Upcoming Webinar: Successful Transition for Students with Special Needs


We would like to invite you to join us for our upcoming webinar “Successful Transition for Students with Special Needs: What Resources are Available to You” on March 29, 2017 at 11:00 a.m. Eastern.

About This Webinar

Research has shown that all students and especially those receiving special education who follow a carefully crafted transition plan are more likely to achieve post-secondary success. Helping professionals can craft these plans, but many may not be aware of the various resources available to ensure students’ successful transition.

Additionally, educators are required by law to create a transition plan for students receiving special education by the age of 16; but, it is best practice to begin as early as middle school.

What are the available resources?

How can helping professionals ensure that all students succeed in reaching their transition goals?

We will answer these questions and more on March 29th at 11:00 a.m. Eastern!

About Our Presenter:

Lakshmi Mahadevan has a Ph.D. in Educational Psychology with an emphasis in Career Development Education from Texas A&M University.

Her areas of expertise include career assessment, post-secondary options for individuals with special needs, special education and multicultural career counseling. As Assistant Professor and Extension Specialist – Special Populations, Dr. Mahadevan has over ten years of experience in conducting face-to-face and online professional development with educators in Texas addressing various special populations-related issues (particularly students with disabilities and English Language Learners).

Her other activities include program evaluation, conducting workshops and presentations, preparing newsletters, creating webcasts and special interest web materials, maintaining and supervising the design of online modules, maintaining websites, liaison with stakeholders and experts, preparing evaluation reports, and providing technical assistance.

We hope to see you at our upcoming webinar: “Successful Transition for Students with Special Needs: What Resources are Available to You?”


Continuing Education Credit Available!

The MFLN Military Caregiving concentration has applied for 1.0 continuing education credit from The University of Texas at Austin School of Social Work for credentialed participants. Certificates of Completion will also be available for training hours as well.

Interested in Joining the Webinar?

To join this event, simply click on “Successful Transition for Students with Special Needs: What Resources are Available to You?” The webinar is hosted by the Department of Defense APAN system, but is open to the public.

If you cannot connect to the APAN site, an alternative viewing of this presentation will be running on YouTube Live. Mobile options for YouTube Live are available on all Apple and Android devices.

 This MFLN-Military Caregiving concentration blog post was published on March 17, 2017.


How to Not Lose Yourself in Your Caregiving Role

I’m too busy…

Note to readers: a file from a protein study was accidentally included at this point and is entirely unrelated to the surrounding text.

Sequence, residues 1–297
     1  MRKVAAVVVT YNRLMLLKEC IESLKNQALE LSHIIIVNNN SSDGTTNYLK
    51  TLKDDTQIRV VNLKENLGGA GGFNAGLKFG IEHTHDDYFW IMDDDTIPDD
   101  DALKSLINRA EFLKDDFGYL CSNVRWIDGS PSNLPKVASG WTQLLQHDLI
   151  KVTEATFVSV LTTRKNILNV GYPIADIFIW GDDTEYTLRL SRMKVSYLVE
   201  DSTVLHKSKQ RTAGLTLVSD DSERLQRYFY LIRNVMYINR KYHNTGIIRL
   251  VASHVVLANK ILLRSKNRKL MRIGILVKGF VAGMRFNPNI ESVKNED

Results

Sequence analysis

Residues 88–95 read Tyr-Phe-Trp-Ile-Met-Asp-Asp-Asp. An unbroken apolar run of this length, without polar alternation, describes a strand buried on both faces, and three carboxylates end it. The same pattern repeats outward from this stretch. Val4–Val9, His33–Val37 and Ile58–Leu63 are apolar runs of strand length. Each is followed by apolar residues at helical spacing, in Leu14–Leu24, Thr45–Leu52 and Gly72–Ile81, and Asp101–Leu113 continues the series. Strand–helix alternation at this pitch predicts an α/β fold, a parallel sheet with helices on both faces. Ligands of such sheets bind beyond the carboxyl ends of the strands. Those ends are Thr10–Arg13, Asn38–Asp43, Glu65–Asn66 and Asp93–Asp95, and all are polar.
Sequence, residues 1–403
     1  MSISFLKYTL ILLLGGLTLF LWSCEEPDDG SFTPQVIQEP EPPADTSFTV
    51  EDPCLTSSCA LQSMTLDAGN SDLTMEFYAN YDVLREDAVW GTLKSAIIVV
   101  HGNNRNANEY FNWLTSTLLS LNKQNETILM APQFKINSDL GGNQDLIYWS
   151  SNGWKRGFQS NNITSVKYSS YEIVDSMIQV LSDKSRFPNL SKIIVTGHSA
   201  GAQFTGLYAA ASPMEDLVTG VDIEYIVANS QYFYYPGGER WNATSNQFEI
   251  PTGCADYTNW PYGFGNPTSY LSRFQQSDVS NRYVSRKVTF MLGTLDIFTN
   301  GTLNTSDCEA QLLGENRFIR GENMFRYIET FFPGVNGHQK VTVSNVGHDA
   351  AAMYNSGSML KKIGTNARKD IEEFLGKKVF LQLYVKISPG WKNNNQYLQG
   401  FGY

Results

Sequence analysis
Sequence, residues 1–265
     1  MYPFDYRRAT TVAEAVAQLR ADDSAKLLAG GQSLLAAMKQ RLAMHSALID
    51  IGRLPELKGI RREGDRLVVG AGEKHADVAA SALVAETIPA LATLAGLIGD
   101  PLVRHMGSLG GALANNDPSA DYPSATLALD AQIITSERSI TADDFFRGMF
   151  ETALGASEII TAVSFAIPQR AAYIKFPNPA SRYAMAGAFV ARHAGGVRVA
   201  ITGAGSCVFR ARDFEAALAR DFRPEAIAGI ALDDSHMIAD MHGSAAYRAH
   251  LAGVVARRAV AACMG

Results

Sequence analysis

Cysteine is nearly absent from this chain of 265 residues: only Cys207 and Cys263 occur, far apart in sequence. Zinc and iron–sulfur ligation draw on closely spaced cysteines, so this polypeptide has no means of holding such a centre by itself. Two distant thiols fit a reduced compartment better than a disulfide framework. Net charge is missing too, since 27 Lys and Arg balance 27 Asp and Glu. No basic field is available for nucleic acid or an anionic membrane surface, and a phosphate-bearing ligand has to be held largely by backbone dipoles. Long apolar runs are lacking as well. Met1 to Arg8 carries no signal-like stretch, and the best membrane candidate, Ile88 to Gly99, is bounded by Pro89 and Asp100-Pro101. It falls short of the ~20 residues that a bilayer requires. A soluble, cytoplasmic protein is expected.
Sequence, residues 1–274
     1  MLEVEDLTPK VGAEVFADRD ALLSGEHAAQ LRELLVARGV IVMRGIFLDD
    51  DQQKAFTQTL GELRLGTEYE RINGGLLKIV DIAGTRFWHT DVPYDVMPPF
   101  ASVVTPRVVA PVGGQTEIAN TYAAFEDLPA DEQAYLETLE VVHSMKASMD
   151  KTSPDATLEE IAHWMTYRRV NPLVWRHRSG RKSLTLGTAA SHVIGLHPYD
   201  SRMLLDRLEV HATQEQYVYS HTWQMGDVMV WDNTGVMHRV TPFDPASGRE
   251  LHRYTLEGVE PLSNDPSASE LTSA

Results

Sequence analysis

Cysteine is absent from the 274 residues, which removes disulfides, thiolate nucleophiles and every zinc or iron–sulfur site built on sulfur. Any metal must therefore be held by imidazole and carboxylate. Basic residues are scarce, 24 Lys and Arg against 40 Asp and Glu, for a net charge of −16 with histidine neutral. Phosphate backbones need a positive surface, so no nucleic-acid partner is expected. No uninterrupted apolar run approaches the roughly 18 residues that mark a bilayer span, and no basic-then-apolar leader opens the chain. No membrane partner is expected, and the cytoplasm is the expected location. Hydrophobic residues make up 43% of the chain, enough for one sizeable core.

I don’t have enough time for…

If I don’t do it, no one will…

Are you guilty of having these or similar thoughts? Often times family caregivers get lost in the caregiving role and forget to care for themselves, however caring for yourself is one of the most important things you can do as a caregiver.

Caregivers often report problems attending to their own health and well-being such as:

  • Poor eating habits
  • Failure to exercise
  • Sleep deprivation
  • Failure to make medical appointments for themselves
  • Failure to stay in bed when ill

How can you keep from losing yourself in the caregiving role?

First, you need to identify what is in your way.

  • Do you think it is selfish to put your needs first?
  • Do you struggle with asking for what you need, or do you feel inadequate if you ask for help?
  • Do you feel frightened thinking of your own needs? If so, what is the fear about?
  • Do you feel the need to prove you are worthy of your care recipient’s affection? Does this cause you to do too much, as a result?

Once you have established where you stand, you can then begin to move forward and change your behavior and thoughts about caregiving.

How can you move forward?

  1. Reduce and Manage Personal Stress

Stress reducers can be simple activities such as taking a walk, gardening, coffee with a friend, exercise.

  1. Set Goals

Set realistic goals that you would like to accomplish, then work towards them.

  1. Seek Solutions

Once you have identified a problem, take steps toward solving it,

  1. Communicate Constructively

Being able to communicate effectively and constructively is very important for caregivers. We have a course entitled “Communication ‘In the Crunch’” that might be of some assistance.

  1. Ask for and Accept Help

Be prepared with a mental or physical list of how others can help you, and don’t be afraid to reach out for help. There are many community resources, professionals, friends and family ready to help.

  1. Talk to a Physician

Speaking to a physician about your care recipient’s needs is extremely important for caregivers, but speaking to the physician about YOUR needs is equally as important.

  1. Begin Exercising

Exercise improves endurance, strength, flexibility as well as promotes better sleep, reduces tension and depression and increases energy.

  1. Learn from your Emotions

Learn to listen to your emotions and take appropriate action.


The information from this blog post was derived from the Family Caregiver Alliance article entitled “Taking Care of YOU: Self-Care for Family Caregiver.” For more in-depth information please refer to the following article: Taking Care of YOU: Self-Care for Family Caregivers.

 This MFLN-Military Caregiving concentration blog post was published on March 3, 2017.